And Liverpool could and should have added to that advantage either side of the interval. The best of a clutch of very good goal scoring chances fell to Maxi. The opening was set up by an exquisite ball by Fernando Torres. The striker released Maxi clean through on goal. Yet, the Argentine – not for the first time in recent weeks – hesitated too long. And a glorious chance was gone.
Torres was to find himself with two further opportunities to increase the lead before and after the break. Both times getting behind a faltering Tottenham defence, as Liverpool began to firming establish their authority over the match.
In times gone by you can be virtual certain that Torres would have finished at least one of these chances without hesitation. Yet – similarly to Maxi – it is just that hesitation which is the Spaniards nemesis this season. On both occasions Torres delayed and granted Sebastian Bassong an opportunity to recover – which he grasped.
Ultimately the Reds were made to pay for their profligacy in front of goal. As you would expect of a home side in their position, Harry Redknapp’s side poured forward in search of a route back into the game.
And were Liverpool lacked ruthlessness, Spurs did not. Although their cause was assisted by some dubious referring decisions.
David N’Gog blocked Gareth Bale’s free-kick with his arm to gift Tottenham the chance of an equaliser. However, the resulting penalty was wasted when Defoe shot wide to the left of Reina’s goal.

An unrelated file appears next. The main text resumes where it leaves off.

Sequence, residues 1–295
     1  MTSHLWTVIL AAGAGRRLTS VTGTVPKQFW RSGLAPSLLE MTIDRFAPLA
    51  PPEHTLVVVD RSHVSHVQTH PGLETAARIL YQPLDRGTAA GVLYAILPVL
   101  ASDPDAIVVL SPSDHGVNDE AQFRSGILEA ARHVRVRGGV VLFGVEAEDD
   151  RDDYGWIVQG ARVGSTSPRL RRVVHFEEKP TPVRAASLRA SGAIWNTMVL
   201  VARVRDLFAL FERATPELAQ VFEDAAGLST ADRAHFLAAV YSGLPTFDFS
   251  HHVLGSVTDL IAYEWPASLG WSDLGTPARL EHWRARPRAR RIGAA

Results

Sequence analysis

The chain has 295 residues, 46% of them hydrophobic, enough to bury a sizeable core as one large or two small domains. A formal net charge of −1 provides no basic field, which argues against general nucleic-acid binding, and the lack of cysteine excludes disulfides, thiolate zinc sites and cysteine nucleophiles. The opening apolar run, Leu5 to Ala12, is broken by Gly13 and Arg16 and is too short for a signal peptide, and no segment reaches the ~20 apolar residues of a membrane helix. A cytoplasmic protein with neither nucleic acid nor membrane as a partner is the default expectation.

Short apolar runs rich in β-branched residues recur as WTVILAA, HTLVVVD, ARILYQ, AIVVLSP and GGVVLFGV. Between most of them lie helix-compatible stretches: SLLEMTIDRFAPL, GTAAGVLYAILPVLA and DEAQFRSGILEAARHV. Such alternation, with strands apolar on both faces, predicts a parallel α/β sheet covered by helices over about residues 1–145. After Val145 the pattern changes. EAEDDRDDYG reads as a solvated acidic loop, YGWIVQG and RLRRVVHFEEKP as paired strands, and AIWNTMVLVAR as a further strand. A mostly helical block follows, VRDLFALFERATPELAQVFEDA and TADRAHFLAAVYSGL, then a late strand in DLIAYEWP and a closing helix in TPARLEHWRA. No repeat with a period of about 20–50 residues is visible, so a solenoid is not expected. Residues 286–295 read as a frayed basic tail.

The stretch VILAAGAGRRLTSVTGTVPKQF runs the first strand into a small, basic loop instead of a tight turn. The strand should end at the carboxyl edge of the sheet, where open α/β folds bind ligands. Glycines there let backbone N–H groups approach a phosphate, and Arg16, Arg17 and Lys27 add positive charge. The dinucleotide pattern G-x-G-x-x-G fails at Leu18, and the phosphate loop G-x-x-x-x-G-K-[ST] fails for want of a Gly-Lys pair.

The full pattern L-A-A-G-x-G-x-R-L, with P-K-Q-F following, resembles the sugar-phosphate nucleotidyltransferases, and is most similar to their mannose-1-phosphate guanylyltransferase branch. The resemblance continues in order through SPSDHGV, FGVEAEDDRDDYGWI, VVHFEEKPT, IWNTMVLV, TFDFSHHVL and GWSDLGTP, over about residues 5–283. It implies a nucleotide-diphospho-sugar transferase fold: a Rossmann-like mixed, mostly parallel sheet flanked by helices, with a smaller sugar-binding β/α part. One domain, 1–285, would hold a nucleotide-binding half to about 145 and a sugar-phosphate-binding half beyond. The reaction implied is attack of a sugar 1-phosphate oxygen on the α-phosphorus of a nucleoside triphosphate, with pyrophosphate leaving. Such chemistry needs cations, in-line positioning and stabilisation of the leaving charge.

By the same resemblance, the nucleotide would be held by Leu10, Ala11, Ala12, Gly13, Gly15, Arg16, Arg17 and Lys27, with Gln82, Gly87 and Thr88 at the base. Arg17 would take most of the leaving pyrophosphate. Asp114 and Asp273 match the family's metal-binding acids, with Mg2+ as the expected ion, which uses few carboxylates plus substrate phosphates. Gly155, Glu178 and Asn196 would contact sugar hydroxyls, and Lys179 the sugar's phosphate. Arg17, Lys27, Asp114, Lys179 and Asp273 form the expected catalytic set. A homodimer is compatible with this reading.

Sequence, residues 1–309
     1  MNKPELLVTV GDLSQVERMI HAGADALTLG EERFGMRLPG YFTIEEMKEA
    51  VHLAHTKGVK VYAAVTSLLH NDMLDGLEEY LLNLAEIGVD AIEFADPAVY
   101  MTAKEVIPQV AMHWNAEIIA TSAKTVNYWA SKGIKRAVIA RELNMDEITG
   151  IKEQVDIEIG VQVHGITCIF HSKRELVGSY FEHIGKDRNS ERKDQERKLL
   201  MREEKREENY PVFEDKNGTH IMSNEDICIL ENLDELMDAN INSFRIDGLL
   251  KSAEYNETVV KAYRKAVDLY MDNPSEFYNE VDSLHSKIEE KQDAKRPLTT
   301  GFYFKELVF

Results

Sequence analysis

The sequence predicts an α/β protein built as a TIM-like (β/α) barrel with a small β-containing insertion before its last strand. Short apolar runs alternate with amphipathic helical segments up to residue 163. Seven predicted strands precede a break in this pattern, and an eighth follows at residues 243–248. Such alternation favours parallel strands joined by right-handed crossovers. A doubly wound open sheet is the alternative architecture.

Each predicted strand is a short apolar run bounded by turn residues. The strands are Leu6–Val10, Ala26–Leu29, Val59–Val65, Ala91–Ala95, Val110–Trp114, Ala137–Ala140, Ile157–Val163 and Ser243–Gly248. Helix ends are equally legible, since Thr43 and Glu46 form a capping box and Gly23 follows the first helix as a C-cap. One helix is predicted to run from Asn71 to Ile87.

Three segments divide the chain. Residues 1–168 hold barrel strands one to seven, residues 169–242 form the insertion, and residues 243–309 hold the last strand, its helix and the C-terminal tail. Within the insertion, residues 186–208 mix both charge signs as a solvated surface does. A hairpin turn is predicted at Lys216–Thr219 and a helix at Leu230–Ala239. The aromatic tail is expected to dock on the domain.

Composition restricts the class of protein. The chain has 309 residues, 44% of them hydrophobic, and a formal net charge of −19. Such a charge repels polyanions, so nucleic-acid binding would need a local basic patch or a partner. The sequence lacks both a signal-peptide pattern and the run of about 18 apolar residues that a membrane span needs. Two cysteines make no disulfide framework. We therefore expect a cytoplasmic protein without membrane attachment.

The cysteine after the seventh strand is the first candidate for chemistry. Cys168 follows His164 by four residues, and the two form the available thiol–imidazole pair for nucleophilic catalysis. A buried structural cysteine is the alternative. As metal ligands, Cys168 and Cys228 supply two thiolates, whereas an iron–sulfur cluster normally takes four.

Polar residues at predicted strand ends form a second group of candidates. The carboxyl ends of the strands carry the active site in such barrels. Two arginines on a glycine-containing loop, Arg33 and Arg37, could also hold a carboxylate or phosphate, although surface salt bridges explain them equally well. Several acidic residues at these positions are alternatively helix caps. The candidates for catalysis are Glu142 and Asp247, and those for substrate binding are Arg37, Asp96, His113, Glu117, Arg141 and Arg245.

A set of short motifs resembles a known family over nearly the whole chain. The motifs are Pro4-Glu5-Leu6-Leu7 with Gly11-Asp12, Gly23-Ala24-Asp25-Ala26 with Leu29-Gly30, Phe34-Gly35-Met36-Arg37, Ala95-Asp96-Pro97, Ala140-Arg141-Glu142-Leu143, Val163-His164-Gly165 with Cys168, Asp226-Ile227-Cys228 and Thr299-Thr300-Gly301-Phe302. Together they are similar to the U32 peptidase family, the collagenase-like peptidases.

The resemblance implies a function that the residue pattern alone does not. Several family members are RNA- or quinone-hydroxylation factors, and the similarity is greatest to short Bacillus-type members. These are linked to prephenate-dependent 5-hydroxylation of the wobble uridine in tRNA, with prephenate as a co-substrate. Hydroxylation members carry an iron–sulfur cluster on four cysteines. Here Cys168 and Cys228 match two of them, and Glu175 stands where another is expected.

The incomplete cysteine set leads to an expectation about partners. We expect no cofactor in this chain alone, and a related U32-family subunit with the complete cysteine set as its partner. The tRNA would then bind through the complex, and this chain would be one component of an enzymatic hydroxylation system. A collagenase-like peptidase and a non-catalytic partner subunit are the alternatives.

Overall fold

Spurs, though, did not have to wait on to draw level. Modric’s mazy run and cross from the left of the area was turned into his own net by the former hero of the hour – Martin Skrtel. Unfortunate for the defender; who had otherwise been solid throughout.
Credit to Liverpool for continuing to search for a winner as the game entered its final phase. But, in truth, it was Spurs, who always appeared to have that attacking edge and were willing to commit more men forward and quicker – as would probably be anticipated as the home side. And the hosts generally looked the more likely to the two sides to conjure up a winner.
Dirk kuyt was adamant that he should have been denied a penalty following a foul by Benoit Assou-Ekotto. And a ferocious left-foot effort from Meireles went a fraction wide of Gomes’s post.
However the loss of the organisational skills of Carragher to a shoulder injury in the closing stages was a blow. And it was a defensive error which condemned the Reds to yet more misery on their travels. Paul Konchesky was badly caught out of position as Spurs broke away in injury time. Lennon was thus allowed the space to run onto Assou-Ekotto’s long pass and clean through, one-on-one with the goalkeeper. The winger nonchalantly slotting home the winning goal.
There is surely no doubt, though, that the more expansive, forward-thinking Liverpool, which was witnessed here, is the way to go on a more regular basis in future. There is little escaping the fact that this was another disappointing away day for the Reds and ultimately served to exacerbate a dismal away record. But, if Liverpool perform in this manner on a more regular basis – as opposed to reverting to a reserved, defensive style – they are sure to get more positive results.
Man of the Match
Pulled the strings in midfield. Perhaps the most impressive in a run of fine recent performances from the Portuguese. Not deserving of being on the losing side.